The theme for the upcoming March for Life will be “Equality Begins in the Womb,” event organizers announced at a press conference on Oct. 27. 

“The pro-life movement recognizes the immense responsibility this nation bears to restore equal rights to its most defenseless citizens in the womb,” March for Life president Jeanne Mancini said at the Wednesday press conference. 

The 49th annual March for Life will be held on Friday, Jan, 21, 2022, in Washington, D.C. According to organizers, it is the world’s largest annual human rights demonstration. 

“Since Roe v. Wade, scientific advances have undeniably confirmed the humanity of the unborn, and today most Americans agree there should be significant limits on abortion,” Mancini said. 

“To this end, we hope the Supreme Court honors the existing constitutional protections for the unborn as they hear arguments in Dobbs v. Jackson Women’s Health Organization,” she added, citing the major abortion case before the high court. Oral arguments in the case are scheduled for Dec. 1. 

Equality, said Mancini, has been a hotly debated topic in the United States as of late. 

“These discussions are crucial for America, for the health of our country,” said Manicini. “There’s little agreement on the definition of what ‘equality’ is and who it applies to.”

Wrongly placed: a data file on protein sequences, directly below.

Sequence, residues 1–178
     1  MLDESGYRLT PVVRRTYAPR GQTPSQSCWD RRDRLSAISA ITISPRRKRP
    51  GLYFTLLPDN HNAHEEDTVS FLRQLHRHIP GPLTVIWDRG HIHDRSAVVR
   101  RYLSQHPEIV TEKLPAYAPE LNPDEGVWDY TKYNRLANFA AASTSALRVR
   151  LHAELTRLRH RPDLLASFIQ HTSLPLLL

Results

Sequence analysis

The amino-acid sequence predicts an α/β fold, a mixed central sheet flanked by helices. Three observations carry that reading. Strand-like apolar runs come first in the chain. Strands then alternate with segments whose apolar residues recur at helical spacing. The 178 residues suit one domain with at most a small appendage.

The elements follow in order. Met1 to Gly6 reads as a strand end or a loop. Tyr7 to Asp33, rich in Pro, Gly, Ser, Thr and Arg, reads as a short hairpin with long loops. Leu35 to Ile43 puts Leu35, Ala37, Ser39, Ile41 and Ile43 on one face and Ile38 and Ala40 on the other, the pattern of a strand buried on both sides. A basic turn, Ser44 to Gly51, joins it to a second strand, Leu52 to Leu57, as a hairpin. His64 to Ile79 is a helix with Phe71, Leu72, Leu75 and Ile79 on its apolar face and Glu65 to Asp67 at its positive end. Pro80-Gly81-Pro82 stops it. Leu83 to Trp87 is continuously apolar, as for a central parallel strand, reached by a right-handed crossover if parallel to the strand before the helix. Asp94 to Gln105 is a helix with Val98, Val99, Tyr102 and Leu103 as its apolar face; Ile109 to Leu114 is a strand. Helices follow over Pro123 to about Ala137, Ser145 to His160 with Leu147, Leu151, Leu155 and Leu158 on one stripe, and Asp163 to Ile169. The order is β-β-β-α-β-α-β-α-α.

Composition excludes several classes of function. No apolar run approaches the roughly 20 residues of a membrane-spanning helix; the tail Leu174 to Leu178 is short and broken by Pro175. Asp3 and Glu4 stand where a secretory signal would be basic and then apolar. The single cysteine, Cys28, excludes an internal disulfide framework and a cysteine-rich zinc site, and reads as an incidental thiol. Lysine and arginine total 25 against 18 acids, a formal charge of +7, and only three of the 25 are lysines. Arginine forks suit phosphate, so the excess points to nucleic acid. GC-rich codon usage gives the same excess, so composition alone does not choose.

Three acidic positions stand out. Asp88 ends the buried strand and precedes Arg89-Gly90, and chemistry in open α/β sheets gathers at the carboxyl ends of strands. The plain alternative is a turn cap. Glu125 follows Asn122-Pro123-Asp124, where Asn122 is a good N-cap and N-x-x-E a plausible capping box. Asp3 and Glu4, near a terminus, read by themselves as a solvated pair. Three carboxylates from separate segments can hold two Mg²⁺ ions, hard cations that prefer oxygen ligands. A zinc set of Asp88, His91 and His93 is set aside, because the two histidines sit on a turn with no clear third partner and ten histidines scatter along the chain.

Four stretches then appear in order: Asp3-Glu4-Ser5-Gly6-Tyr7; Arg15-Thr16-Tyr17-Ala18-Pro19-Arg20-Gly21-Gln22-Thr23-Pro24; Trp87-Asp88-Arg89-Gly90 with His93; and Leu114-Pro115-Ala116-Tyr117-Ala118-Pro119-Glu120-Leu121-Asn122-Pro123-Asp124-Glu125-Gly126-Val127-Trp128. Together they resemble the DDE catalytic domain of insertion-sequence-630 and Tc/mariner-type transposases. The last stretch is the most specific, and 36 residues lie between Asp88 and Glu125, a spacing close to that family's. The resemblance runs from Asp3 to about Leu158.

“We want to expand this rigorous debate about equality to unborn children, who are often overlooked because they cannot speak for themselves,” she added.  

“Each of us is a human being, and we have inherent human dignity because of who we are in our essence,” said Mancini. And human beings, she added, “should be protected from the moment of conception or fertilization.” 

Mancini said the Dobbs case at the Supreme Court has the potential to make a “major impact on the unborn and on equality.” The cases focuses on Mississippi’s law restricting most abortions after 15 weeks. The question at hand is whether all pre-viability state abortion bans are unconstitutional.